Concept VIII. One each side of the paper we will print one near side, and one far side page until we reach the middle of the book.
Concept IX. We will print the pages in a logical order we call a schedule.
A printing schedule is not easy to figure out in your head so beginners should figure it out by making a blank book in this manner:
Take scrap paper (from a cheap notebook or whatever) and cut it into small sheets so that you can make a miniature book. Begin to fold the papers as you would if you were making a signature.
Once you have a sufficient number of pages to make a small signature (maybe six or seven sheets) fold them together to make a signature and mark the piece of paper that would be like the first text page or cover of the book as page 1.
Open the signature and mark the next page (the page you would read next if it had text on it as page 2, mark the next page 3 and so on.
When you run out of pages add another sheet of paper to the top of the signature as needed to keep counting pages until you have reached half the number of page of where you want the signature to stop.
In other words if you want your signature to have 50 pages keep adding pages and marking them in proper order until you get to the number 25, which is half of the total number of pages you want.
Half of the mini-book will now marked with numbers, but the other half will be blank.
Keep marking the pages in sequential order without adding any additional pages.
When the book is fully marked you can take it apart and see how each sheet of paper in your full sized book will have to be printed to duplicate the model you made.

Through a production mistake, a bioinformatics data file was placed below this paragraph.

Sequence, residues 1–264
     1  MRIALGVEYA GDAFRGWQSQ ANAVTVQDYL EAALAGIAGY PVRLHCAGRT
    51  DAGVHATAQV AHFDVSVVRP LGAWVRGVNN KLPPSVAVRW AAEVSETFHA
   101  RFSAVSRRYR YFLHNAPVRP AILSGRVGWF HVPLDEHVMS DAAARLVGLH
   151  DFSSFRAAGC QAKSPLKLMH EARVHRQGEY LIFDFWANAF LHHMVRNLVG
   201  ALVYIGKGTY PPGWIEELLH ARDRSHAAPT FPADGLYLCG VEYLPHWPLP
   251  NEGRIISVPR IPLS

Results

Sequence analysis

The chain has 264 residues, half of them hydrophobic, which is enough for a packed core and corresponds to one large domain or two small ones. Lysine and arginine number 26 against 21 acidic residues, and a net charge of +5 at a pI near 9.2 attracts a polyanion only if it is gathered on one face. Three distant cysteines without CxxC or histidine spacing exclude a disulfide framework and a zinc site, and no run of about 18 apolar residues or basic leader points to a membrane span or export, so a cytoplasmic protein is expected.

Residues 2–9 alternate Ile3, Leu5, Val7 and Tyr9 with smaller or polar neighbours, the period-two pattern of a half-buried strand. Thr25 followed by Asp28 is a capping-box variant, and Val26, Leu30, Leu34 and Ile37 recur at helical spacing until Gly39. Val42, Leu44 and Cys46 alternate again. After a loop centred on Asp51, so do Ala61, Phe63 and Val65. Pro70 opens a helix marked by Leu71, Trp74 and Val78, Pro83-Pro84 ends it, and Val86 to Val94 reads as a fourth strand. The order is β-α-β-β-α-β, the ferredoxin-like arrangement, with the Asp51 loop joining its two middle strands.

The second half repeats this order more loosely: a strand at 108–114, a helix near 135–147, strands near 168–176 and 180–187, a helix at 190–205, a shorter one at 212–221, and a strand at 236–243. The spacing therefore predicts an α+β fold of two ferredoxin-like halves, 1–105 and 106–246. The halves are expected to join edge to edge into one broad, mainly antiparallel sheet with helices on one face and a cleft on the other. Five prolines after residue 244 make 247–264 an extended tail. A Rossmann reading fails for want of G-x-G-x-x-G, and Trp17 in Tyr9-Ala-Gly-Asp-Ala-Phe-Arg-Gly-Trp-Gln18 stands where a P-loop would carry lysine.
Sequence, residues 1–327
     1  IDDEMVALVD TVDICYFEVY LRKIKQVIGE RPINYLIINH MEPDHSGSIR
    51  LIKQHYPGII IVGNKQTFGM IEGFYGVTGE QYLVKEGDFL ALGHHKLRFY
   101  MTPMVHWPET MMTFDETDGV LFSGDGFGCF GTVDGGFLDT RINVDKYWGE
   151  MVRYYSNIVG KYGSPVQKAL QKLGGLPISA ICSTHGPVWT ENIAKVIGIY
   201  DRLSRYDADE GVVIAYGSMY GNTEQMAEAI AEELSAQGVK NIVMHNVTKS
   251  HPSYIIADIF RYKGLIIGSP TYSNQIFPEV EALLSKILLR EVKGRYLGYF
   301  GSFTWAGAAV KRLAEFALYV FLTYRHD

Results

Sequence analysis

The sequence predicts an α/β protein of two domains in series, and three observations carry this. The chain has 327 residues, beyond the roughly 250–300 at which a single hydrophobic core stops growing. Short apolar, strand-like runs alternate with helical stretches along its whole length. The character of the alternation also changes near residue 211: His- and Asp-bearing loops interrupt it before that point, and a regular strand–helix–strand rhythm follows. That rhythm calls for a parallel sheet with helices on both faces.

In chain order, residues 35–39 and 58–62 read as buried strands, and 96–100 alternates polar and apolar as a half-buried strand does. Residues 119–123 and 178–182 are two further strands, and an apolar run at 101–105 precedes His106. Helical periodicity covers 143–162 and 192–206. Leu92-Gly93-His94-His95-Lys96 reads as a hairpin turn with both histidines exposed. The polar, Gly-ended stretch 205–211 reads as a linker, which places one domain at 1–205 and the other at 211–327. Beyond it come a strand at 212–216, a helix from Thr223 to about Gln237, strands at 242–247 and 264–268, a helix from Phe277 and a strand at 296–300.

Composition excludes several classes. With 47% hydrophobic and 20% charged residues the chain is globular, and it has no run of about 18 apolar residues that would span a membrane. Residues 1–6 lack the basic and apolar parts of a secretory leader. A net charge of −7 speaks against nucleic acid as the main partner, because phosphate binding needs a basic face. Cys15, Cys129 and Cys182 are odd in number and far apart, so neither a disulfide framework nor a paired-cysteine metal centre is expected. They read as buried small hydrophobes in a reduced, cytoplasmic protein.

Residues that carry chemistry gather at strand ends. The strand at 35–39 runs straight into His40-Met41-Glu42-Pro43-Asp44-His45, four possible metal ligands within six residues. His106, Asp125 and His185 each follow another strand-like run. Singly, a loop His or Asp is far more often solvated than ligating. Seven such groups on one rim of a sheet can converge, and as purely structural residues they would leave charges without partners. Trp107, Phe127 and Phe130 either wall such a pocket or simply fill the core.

Remember your model book can include blank pages. If your book has an odd number of pages you will have a blank page at the end in any case. Remember to mark blank pages as “blank.”
Concept X. Look at your mini book and notice that the sheets have a not only a front-side and backside, but also left and right hand sides.
Page 1 will be on the right hand side of the first page and next it on the left side will be the last page in your book, which either contains text or is blank. This is how the first page will be printed.
The first page of text in a western book is always a “right hand page” and the last page of text or the blank page at the end of the book is always a “left hand page” and both of those are printed on the same side of the same sheet of paper.
Now if you turn the paper over you will see that page 2 is on the left hand side and the second to last page is on the right hand side.
That means that on the backside of the paper the “near side” pages are always on the right hand side and the “far side” on the left, but on the front side of the paper the near side pages are on the left hand and far side on the right.
That is why it is difficult to figure out in your head and why a model book made from scrap paper can be so useful.
Concept XI. We need to setup the Adobe Reader software (which is used to read PDF files) to print our book properly.
First open the PDF file in Adobe Reader (which can be obtained for free from the Abode site) click (in the menu) “File-Print.” This will open the printing dialog where you can set options.